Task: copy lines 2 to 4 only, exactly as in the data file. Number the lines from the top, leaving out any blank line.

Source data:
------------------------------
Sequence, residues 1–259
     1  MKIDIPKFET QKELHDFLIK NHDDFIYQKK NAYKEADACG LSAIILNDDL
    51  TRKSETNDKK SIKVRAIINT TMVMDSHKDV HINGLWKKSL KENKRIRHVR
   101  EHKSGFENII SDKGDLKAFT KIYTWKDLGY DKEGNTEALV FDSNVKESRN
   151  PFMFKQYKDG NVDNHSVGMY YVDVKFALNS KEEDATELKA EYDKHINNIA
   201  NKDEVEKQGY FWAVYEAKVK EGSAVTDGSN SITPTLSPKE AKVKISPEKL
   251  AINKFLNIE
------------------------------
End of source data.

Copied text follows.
     1  MKIDIPKFET QKELHDFLIK NHDDFIYQKK NAYKEADACG LSAIILNDDL
    51  TRKSETNDKK SIKVRAIINT TMVMDSHKDV HINGLWKKSL KENKRIRHVR
   101  EHKSGFENII SDKGDLKAFT KIYTWKDLGY DKEGNTEALV FDSNVKESRN